Contracts –Waiver of liability for fraud (bar review note) – repost

[originally posted in July, 2009]

Here comes a “movement” that proclaims itself to be “apolitical, inclusive … based on the principle of volunteerism.”  It calls itself AKO MISMO, and it vows the greatest of intentions (to promote “positive change”), but it is run by an advertising agency, DDB Philippines.  A number of celebrities have lent their names and images as supporters of this movement, among them Arnel Pineda (a vocalist), Ely Buendia (a musician), and Maxene Magalona (an actress).

Continue reading “Contracts –Waiver of liability for fraud (bar review note) – repost”

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Bitcoin as money

BITCOIN Screen Shot 2016-01-29 at 10.04.16 AM

The following is a note found on Facebook.

Random ideas on what makes money money
by Kermit Kefafel,  Friday, January 29, 2016

Is money a public or private good? It is a private good imbued with public interest. The public goods that attach to money are the safety of the banking system and price stability, as conventionally promised by a central bank.

What are cryptocurrencies? They act as substitutes for the use of cash in untraceable transactions, the idea of Bitcoin. You can even buy bitcoins at your local 7-Eleven.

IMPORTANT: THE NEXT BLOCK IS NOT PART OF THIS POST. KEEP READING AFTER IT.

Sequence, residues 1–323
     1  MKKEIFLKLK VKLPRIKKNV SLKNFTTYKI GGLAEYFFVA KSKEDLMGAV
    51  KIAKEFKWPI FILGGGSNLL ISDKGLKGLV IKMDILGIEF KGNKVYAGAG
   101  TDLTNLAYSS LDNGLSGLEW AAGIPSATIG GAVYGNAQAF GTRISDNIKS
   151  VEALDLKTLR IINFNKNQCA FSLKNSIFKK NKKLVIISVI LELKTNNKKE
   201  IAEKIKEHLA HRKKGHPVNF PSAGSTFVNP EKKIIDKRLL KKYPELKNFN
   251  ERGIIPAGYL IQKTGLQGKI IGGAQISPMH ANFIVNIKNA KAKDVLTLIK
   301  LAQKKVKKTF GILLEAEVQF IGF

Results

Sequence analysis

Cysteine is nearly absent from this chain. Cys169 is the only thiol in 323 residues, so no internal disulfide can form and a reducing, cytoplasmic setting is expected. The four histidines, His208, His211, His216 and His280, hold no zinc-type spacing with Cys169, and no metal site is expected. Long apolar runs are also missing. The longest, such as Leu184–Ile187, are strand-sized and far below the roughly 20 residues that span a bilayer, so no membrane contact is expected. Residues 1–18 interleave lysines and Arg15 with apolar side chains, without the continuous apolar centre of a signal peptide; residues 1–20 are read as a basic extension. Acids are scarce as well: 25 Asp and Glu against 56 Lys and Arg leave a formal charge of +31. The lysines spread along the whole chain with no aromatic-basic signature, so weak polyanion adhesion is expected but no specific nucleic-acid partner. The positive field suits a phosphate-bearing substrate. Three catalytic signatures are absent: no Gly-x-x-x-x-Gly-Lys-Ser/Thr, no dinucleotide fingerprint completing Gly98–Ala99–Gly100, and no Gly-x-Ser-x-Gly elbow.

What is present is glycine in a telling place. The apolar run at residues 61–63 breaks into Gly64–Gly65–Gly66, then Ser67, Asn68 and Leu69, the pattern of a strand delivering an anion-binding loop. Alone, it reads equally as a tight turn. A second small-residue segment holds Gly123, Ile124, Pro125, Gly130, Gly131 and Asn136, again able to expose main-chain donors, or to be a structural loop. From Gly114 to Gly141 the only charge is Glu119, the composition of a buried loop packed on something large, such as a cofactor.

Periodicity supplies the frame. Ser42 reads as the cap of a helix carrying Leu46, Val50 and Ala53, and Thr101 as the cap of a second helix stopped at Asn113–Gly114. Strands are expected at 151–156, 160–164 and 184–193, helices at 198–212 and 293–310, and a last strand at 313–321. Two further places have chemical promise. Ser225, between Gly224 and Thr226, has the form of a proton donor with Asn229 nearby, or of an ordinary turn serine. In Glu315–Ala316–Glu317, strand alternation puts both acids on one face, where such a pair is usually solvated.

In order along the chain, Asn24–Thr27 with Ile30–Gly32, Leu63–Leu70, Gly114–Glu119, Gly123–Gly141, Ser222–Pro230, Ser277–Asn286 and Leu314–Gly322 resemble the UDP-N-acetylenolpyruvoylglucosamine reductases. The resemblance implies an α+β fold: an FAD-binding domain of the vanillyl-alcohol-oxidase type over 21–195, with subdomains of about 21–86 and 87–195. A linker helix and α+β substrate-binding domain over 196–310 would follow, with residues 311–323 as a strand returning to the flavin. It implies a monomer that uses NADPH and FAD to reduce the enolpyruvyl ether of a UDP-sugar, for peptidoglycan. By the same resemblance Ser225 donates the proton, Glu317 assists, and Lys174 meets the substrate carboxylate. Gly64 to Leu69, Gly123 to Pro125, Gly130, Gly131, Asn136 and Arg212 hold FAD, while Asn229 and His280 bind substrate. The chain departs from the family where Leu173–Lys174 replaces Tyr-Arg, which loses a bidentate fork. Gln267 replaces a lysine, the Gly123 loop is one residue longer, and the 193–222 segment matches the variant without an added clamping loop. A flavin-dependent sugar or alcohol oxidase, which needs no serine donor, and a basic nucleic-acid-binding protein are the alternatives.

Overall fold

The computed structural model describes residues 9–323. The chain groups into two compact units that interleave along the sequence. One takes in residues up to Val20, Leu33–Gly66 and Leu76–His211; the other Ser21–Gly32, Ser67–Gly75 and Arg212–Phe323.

The market for Bitcoin has lately been shaken with the arrest of one of its principals; there is talk that it could collapse. Will other cryptocurrencies have the same problems?

I suspect that for a cryptocurrency to become viable, it must hurdle the trust problem — its users and holders must be assured that its supply and valuation are, in some sense, sacrosanct. That its price could bubble up and down like a financial asset is a negative. Even fiat-currency central banks pay some kind of lip service to exchange stability under the current system of floating exchange rates.

Because of the public-goods aspect of money, a stateless currency requires an enforcement mechanism that is private but viable. Does such an enforcement mechanism exist?

Or, are cryptocurrencies just another Ponzi scheme?

*******

For reference, see Lawrence White’s article in the Cato Journal.

The central bank (Bangko Sentral ng Pilipinas) has issued an advisory regarding the lack of regulation on virtual currencies.